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Industrial design in the age of IoT

People working together in a design thinking and UX workshop. Source: Offenblende

Industrial design is changing in the age of IoT. In this post, Paul Hatch describes his design firm's expansion from industrial design to fields like UI and the IoT and explains why product nurturing will become more important than actual product design.

When it comes to the Internet of Things (IoT), it’s easy to focus on technological aspects. You can talk about different platforms or discuss which IoT solution might be the best to solve a specific problem. Looking below this layer of technology, it quickly becomes apparent that there are many more aspects that determine the success of the IoT. Not the least of which is the matter of how today’s connected products are designed. As an industrial designer, Paul Hatch knows a lot about this topic.

Hatch is the CEO of TEAMS Design USA, an award-winning design firm. He has firsthand experience of the impact of the IoT on industrial design. He has also been able to observe how companies that produce physical products handle the challenges and opportunities of a connected world.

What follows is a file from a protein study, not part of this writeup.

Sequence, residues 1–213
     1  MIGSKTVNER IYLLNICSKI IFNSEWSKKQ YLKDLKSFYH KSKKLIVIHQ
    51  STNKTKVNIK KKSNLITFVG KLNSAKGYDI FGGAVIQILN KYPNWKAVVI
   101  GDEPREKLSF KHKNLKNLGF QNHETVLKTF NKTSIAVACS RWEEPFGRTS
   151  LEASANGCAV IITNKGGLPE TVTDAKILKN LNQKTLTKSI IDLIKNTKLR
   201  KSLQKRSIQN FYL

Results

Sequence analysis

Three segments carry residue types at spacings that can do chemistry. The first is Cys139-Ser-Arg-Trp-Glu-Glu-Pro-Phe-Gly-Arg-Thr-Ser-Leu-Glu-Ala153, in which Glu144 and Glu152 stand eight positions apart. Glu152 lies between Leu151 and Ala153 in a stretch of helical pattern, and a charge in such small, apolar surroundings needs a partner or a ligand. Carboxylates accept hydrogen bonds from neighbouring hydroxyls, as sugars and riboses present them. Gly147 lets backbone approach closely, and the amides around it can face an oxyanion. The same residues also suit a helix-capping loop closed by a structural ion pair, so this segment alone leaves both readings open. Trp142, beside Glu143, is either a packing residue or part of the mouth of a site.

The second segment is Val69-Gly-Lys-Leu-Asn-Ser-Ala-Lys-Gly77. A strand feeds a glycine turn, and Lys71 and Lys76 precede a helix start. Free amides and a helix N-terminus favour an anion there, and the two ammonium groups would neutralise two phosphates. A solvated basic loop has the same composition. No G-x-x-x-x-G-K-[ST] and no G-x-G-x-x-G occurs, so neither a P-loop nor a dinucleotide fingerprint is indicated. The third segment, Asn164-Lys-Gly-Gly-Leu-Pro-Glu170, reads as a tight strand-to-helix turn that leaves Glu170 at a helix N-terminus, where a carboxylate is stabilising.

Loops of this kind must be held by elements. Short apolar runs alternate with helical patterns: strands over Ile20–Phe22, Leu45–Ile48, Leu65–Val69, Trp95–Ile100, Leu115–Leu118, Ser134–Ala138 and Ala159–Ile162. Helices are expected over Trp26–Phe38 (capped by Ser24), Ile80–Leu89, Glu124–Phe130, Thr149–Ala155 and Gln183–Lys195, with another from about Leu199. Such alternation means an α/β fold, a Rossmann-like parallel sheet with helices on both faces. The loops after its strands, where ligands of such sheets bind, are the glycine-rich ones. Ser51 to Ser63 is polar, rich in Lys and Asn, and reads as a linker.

Design in the age of IoT is about ecosystems

“Our background is in designing experiences around physical products.” Hatch says. Over the last decade, his agency has expanded into other fields like UI design and the IoT. Hatch describes the change this move entailed:

"Within the Internet of Things, it is no longer just about physical objects, it is also about designing things in a virtual space."

In the past, discussing product strategy meant looking at a line of physical products. Now a very big part of strategy revolves around services and user interaction. To cope with this transformation, the company has shifted its focus away from industrial design, and now concentrates more on the strategic aspects: “We are designing ecosystems rather than products,” Hatch says. “This means we are more interested in people who know about company strategy, brand strategy, product experience, and user experience.”